Lens-based Art: the New Generation Photography Award 2020 and 2021

The 2020 and 2021 winners of the New Generation Photography Award, supported by the Scotiabank Photography Program, attest to photography’s broad expressive capacity. In some cases, straight documentary approaches convey issues of social urgency. Other works mix photography’s descriptive capacity with narrative strategies to present personal journeys. The works by the six winners, currently on view at the National Gallery of Canada, explore the medium’s privileged relationship to conceptual art, as well as its ability to depict issues of identity and culture.

Curtiss Randolph, Retiree Soirée, 2019. Chronomogenic print

Curtiss Randolph, Retiree Soirée, 2019. Chronomogenic print. Collection of the artist. © Curtiss Randolph Photo: Courtesy of the artist

In his photo story My Father’s Son, Curtiss Randolph assumes the persona of “GG Jangles” to enact a docu-drama loosely based on the life of his father, George Randolph, a dancer and theatre owner. The Bathurst Street Theatre, where the artist spent much of his childhood, provides the setting for a story of determination and heroism, as Jangles struggles to maintain the promise of “the show must go on” in spite of adversity and lack of support and funding. The artist presents the backstage paraphernalia of his second home – ropes, lights and posters – and scenes of grand drama: a leap from the balcony impossibly mitigated by a golf umbrella; a tumble from a ladder and its aftermath. In what Randolph calls a “parable of creation,” these photographs present scenarios replete with narrative and aesthetic significance that speak to how our identities are shaped by our environments and the people that raise us.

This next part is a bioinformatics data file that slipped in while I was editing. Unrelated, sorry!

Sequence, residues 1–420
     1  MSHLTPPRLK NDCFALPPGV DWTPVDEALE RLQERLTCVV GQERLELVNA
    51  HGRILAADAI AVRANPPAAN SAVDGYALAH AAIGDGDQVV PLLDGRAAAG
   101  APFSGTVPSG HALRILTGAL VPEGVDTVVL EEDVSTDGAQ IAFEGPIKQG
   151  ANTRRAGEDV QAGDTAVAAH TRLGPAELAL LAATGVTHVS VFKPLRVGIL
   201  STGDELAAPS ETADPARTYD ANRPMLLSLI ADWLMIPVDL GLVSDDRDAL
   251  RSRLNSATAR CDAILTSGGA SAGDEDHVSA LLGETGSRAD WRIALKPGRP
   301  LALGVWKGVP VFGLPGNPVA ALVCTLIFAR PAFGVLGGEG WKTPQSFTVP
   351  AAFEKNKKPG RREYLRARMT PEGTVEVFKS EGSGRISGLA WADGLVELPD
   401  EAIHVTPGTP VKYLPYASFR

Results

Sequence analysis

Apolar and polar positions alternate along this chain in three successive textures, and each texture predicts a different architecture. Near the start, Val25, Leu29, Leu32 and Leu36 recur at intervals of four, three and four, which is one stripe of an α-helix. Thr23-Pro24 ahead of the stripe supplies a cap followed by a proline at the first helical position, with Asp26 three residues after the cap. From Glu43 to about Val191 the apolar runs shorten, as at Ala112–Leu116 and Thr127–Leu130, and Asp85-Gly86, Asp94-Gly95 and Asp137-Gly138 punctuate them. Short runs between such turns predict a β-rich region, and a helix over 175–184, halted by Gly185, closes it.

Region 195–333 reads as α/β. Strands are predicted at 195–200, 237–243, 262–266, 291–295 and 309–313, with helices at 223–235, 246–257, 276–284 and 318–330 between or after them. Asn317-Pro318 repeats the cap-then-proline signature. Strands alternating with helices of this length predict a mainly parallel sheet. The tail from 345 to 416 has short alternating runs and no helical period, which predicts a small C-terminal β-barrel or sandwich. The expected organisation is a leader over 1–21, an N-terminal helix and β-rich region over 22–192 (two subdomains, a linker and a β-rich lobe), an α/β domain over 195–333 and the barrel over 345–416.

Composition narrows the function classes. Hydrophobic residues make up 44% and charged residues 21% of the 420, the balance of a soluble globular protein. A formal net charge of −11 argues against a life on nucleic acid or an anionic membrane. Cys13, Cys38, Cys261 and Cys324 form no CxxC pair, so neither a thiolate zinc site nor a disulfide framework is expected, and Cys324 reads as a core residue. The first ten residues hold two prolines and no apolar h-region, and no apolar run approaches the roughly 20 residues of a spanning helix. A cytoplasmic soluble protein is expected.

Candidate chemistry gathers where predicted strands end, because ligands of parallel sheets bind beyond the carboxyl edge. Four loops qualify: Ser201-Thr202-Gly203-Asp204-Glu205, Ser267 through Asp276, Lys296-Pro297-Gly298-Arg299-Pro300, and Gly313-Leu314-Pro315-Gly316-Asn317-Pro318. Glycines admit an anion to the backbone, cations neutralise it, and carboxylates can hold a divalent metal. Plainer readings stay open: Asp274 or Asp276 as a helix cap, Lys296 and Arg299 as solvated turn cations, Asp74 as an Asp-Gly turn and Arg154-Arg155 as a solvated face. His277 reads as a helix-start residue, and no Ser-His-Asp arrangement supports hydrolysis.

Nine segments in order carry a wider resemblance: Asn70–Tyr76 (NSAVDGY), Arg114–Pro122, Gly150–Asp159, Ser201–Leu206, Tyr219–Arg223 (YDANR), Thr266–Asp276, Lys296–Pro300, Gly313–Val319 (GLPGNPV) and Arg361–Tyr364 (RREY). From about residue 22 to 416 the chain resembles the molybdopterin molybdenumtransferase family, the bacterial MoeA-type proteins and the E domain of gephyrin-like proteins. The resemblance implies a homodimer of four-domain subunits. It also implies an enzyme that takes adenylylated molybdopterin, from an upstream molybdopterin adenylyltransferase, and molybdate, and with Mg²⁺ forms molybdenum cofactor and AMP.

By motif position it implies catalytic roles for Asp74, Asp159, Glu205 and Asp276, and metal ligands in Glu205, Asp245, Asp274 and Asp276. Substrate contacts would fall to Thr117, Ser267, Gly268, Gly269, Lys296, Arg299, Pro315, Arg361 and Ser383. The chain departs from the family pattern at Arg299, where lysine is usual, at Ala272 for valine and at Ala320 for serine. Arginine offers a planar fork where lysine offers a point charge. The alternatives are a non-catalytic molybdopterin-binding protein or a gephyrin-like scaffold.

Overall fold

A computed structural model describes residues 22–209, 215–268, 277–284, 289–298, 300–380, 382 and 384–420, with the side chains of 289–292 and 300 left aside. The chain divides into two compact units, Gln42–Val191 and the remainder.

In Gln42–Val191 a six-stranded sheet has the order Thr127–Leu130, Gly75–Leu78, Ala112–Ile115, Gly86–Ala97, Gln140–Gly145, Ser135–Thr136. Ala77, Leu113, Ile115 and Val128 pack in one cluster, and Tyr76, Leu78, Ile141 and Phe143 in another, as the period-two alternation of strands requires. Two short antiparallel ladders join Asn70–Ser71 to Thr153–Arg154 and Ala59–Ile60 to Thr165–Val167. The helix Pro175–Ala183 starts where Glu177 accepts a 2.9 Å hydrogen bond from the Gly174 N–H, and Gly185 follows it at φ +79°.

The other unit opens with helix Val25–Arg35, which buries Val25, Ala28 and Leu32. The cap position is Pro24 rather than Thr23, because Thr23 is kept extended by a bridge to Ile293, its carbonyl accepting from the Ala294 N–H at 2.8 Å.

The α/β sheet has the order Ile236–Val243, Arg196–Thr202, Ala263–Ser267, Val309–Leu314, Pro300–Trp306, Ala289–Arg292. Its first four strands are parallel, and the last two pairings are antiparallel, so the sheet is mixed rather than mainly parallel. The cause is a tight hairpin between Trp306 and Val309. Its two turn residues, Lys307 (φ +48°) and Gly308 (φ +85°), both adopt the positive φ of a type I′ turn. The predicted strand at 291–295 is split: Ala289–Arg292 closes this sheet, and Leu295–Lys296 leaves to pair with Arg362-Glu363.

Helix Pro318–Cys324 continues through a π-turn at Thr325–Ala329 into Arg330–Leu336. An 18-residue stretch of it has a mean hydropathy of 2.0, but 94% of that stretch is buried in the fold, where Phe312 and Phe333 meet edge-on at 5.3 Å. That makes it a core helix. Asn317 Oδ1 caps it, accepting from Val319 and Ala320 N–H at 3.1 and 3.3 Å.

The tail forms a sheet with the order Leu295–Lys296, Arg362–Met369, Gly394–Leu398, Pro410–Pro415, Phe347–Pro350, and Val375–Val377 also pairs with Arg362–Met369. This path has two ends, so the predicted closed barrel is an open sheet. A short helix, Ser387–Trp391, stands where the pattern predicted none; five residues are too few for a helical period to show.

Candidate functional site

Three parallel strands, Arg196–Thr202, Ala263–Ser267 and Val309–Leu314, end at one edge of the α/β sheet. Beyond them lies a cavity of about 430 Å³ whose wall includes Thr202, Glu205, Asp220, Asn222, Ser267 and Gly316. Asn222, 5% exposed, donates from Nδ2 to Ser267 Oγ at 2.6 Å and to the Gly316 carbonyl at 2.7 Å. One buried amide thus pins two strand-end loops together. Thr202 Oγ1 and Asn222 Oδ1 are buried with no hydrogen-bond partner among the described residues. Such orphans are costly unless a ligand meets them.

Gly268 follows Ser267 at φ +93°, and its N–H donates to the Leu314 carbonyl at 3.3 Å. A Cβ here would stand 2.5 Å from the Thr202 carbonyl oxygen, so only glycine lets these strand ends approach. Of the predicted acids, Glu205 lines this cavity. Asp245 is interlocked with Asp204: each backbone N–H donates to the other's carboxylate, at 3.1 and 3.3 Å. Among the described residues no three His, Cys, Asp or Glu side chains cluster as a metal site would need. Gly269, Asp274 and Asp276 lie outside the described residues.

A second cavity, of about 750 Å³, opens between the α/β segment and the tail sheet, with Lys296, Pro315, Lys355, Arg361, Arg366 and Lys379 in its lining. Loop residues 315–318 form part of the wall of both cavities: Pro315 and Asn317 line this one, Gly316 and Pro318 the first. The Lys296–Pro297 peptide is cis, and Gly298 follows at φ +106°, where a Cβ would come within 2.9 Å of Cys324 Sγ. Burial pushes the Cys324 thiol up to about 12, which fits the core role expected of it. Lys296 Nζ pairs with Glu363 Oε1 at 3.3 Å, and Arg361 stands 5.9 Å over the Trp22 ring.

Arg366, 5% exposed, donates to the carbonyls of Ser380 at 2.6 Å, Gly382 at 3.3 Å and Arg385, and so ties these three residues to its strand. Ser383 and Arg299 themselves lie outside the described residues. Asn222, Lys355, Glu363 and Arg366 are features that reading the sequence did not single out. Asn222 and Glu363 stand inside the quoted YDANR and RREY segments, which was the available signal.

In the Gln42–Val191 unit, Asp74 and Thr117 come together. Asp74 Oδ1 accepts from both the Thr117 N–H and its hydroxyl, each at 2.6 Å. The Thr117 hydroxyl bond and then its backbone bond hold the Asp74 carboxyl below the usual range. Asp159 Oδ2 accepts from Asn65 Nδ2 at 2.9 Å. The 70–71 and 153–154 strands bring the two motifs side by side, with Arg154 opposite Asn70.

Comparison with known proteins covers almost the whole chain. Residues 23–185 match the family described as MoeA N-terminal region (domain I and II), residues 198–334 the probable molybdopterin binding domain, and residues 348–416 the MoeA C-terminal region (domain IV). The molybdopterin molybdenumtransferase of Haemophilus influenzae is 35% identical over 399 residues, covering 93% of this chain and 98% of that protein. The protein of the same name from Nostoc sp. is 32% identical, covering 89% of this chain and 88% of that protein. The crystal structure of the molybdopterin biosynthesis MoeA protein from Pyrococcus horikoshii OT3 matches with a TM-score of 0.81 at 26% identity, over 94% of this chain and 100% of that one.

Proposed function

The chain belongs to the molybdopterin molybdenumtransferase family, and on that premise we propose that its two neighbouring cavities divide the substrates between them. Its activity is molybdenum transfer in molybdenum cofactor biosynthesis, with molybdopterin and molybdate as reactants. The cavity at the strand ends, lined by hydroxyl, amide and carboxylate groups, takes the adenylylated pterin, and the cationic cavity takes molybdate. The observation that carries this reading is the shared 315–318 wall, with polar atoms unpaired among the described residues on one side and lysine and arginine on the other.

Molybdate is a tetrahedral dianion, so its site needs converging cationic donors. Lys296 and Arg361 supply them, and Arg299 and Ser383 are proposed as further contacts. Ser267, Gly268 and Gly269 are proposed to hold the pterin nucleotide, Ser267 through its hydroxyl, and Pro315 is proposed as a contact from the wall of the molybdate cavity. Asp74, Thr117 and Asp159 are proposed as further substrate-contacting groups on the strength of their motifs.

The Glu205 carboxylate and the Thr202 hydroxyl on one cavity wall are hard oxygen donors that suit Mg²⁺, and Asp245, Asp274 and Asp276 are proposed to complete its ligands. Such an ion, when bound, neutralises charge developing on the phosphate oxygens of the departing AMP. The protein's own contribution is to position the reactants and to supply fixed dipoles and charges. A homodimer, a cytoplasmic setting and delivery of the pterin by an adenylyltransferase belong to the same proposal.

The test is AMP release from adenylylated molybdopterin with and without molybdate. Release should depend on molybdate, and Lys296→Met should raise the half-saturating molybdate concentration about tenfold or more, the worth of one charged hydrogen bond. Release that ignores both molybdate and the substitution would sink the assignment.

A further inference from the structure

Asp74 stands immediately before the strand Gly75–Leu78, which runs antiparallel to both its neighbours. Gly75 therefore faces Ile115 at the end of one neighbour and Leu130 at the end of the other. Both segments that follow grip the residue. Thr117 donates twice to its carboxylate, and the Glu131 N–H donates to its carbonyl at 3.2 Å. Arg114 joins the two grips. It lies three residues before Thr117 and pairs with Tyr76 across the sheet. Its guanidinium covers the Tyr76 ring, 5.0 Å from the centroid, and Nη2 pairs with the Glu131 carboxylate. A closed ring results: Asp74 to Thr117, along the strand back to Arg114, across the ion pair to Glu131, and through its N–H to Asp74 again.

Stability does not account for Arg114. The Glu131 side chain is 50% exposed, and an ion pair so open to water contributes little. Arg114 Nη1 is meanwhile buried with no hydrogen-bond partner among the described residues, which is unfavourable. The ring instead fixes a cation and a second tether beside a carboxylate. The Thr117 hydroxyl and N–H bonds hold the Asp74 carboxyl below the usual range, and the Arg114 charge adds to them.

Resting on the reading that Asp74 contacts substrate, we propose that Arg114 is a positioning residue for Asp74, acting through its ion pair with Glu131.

Katherine Takpannie, Our Women and Girls are Sacred 2, 2016. Digital print. COurtesy of the artist © Katherine Takpannie

Katherine Takpannie, Our Women and Girls are Sacred 2, 2016. Digital print. Collection of the artist. © Katherine Takpannie Photo: Courtesy of the artist

Katherine Takpannie’s work addresses aspects of her life and community. Born in Montreal and raised in Ottawa, Takpannie represents a new generation of Inuit artists whose images capture the drive to visualize the contemporary contexts and environments of Inuit experience, both natural and urban. In her works, the beauty of the female form situated in nature speaks to quiet power, while the artist’s presence within abandoned, graffiti-filled structures indicates more chaotic realities. In the face of the crisis of missing and murdered Indigenous women, Takpannie’s Our Women and Girls are Sacred series honours these women through performance. Her work acknowledges the strength of tradition that underpins her travels, the urgent situations that Inuit youth must address and the critical support of community in confronting these issues.

Noah Friebel, Finn Slough,  2019. Gelatin silver print in plywood box

Noah Friebel, Finn Slough,  2019. Gelatin silver print in plywood box. Collection of the Artist. © Noah Friebel Photo: Courtesy of the artist

Noah Friebel works with photography and video, challenging the two-dimensional nature of the image with sculptural and installation elements. His works emphasize material components, such as framing devices, to draw attention to the mechanics and boundaries of picture-making: the conceptual underpinning of the medium pivoting on dichotomies such as inner versus outer reality; documentary versus abstraction; two-dimensional versus three-dimensional; inclusion versus exclusion; and private versus public. In Finn Slough, the photograph’s frame references the physical material of the fence and gate in the image, creating a conceptual link and feedback loop between real and photographed objects. Friebel also draws attention to how the camera frame’s ability to include and exclude accords with notions of private/public boundaries, such as fences that both include and exclude.